Franchising is about getting the right business at the right location, right?
Wrong! It’s about the franchisee agreement and the ability to stick to it. Therefore, franchising is not for everybody.
Franchising is for those who can follow set rules and comply to what outlined in the franchise agreement. If you can live with it, you can succeed. If not, you’d better be opening your own business.
Franchising involves two totally different entities united in a common ground called franchise agreement
It would be unfair and bias to talk about franchising from one side only, whereas there are actually two sides involve in it – the Franchisor (the brand owner) and the Franchisee (the brand licensee).
They are united by a franchise agreement. I’m not going to talk deep into franchise agreement, yet (maybe in my future posts?)
What I am going to talk about is that the agreement filled and ‘spiced’ with the rights and responsibilities of franchisor AND franchisee – therefore, it’s uber important.
When an agreement is done between two entities, that’s usually needed due to the ‘contradictive’ nature of the two entities.
An agreement is sealed to unite the differences.
Franchise agreement is NOT partnership agreement.
Alas, many people mistakenly believe that franchise agreement is partnership agreement.
This misconception causes wrong expectations of the franchisees – they expect the franchisor to be equal partner with shared responsibility. Well, it’s totally wrong!
There are several basic differences between a franchise and a partnership:
- A franchise doesn’t share profit – it charge a form of royalty and marketing fee in return for support and branding.
A partnership (licensing, business opportunities, multi level marketings, etc) – either equal or not – share profit.
- A franchise doesn’t share risk – franchisee holds the whole responsibility of the success of its unit, whereas the franchisor guarantee that the support and brand image are well taken care off.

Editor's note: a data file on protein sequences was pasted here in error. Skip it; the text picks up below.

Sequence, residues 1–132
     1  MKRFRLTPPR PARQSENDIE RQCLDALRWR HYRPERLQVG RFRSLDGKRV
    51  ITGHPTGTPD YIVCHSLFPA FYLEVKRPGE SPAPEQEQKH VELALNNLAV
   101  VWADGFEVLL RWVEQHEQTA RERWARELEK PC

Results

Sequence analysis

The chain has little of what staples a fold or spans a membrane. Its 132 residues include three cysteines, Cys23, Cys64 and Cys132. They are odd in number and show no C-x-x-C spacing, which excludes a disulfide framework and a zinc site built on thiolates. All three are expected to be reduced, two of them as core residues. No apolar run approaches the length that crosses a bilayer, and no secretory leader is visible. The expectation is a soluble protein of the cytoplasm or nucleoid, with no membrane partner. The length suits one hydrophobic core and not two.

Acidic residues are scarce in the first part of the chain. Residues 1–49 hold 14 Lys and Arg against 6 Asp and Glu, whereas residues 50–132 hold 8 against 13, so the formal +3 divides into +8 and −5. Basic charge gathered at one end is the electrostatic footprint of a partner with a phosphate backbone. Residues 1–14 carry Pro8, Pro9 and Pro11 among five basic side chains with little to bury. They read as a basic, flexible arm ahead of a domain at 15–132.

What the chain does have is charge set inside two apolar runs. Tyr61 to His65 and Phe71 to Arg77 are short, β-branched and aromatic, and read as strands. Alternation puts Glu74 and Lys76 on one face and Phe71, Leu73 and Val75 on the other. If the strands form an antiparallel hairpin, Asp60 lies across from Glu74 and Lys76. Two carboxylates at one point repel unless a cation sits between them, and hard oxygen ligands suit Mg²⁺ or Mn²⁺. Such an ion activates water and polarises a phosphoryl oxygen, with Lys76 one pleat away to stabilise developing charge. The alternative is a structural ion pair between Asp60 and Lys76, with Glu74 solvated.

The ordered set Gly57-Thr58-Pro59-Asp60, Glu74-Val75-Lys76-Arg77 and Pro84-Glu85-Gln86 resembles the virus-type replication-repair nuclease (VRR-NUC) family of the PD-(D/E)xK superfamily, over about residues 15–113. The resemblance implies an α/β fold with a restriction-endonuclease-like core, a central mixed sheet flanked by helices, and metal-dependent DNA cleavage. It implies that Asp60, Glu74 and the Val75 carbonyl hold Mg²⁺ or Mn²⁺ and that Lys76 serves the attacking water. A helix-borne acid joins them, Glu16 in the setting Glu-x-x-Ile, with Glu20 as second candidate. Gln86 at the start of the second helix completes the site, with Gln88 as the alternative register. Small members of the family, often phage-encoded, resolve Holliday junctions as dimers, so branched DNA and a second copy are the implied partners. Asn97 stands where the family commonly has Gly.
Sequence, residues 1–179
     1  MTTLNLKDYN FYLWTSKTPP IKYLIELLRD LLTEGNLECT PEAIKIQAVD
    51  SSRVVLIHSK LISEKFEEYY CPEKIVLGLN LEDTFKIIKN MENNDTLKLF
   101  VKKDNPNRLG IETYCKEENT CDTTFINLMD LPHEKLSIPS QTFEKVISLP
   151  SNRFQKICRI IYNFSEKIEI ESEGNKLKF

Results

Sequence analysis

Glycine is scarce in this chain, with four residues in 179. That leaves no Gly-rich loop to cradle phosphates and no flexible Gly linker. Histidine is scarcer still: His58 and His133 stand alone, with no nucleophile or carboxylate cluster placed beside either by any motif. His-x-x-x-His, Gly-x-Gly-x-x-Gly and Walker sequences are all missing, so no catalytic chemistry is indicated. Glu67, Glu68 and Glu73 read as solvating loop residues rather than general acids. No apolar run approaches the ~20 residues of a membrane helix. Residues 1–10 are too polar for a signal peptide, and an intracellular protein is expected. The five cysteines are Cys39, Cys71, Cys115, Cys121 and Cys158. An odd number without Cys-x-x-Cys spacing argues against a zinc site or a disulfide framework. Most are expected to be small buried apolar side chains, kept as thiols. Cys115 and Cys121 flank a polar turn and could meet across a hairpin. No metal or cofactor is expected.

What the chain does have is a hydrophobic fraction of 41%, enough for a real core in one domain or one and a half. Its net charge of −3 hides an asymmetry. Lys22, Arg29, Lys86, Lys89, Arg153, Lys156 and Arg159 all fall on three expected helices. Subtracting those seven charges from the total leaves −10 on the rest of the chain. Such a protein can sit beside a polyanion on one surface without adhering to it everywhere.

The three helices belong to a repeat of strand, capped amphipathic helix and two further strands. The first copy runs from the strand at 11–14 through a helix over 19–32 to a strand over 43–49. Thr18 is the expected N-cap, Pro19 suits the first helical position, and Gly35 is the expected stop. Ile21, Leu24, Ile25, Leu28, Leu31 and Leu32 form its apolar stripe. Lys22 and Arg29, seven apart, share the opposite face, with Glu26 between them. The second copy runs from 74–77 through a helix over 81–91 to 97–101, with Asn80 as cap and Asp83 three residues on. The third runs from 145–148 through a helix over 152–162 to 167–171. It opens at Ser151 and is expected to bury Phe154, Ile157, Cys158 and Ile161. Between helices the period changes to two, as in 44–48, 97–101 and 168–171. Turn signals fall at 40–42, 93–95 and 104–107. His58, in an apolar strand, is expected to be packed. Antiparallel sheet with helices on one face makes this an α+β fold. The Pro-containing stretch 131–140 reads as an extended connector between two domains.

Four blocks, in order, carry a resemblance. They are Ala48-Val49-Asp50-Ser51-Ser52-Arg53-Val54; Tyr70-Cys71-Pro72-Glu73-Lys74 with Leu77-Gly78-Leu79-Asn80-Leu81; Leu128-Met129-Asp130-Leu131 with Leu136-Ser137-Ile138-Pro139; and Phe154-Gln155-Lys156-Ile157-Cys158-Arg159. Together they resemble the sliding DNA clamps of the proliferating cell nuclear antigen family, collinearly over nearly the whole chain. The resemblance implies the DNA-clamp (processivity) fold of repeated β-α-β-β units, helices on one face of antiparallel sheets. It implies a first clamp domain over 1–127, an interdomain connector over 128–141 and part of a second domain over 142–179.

A partnership shares risk among partnership members.
- A franchise implements top-down approach – franchisees must comply and follow the franchisor’s guidelines.
A partnership, as you might guess, determines who’s in charge by the amount of share owned in the partnership.
- In a franchise, relationship are enacted on set rules – again, in my noobpreneur term, generic relationship.
In a partnership, relationship are negotiated – in my noobpreneur term, organic relationship.
Why franchisee agreement is very important
Just like any other agreements, franchisee agreement is purposed to lay all rights and responsibilities on the table – to see whether they are the best fit for the franchisee and the franchisor. If you liked it, carry on. If you didn’t, bail out.
This is important, because the latter disputes in franchising are mostly caused by the misinterpretation of franchise agreement by the FRANCHISEE – not the franchisor.
In many publications, franchisors are often blamed for the franchisees’ failure. Believe me, more often than not, it’s the franchisee who s–ks, not the franchisor. I’m a franchisee, I know what I’m talking about :)
Yes – franchisors have their own bad, but the call to agreeing or not-agreeing on the agreement is on the franchisees. You sign it, meaning you understand it. Period.
Franchise agreement is not easy to understand – it’s often lengthy and boring :)
However lengthy and boring it is – the franchise agreement is crucial.
About the length and complexity, the franchise agreements are set to regulate every single detail – to let potential franchisee fully understand what it takes to run the franchise unit.
If the agreement was too simple, potential franchisees might see the franchisor is not serious enough to tackle potential problems.
One word of advice – if you were not a good agreement reader, consider hiring a lawyer to translate the agreement into more casual language and warn you if potential problems presented.
Franchise agreement reader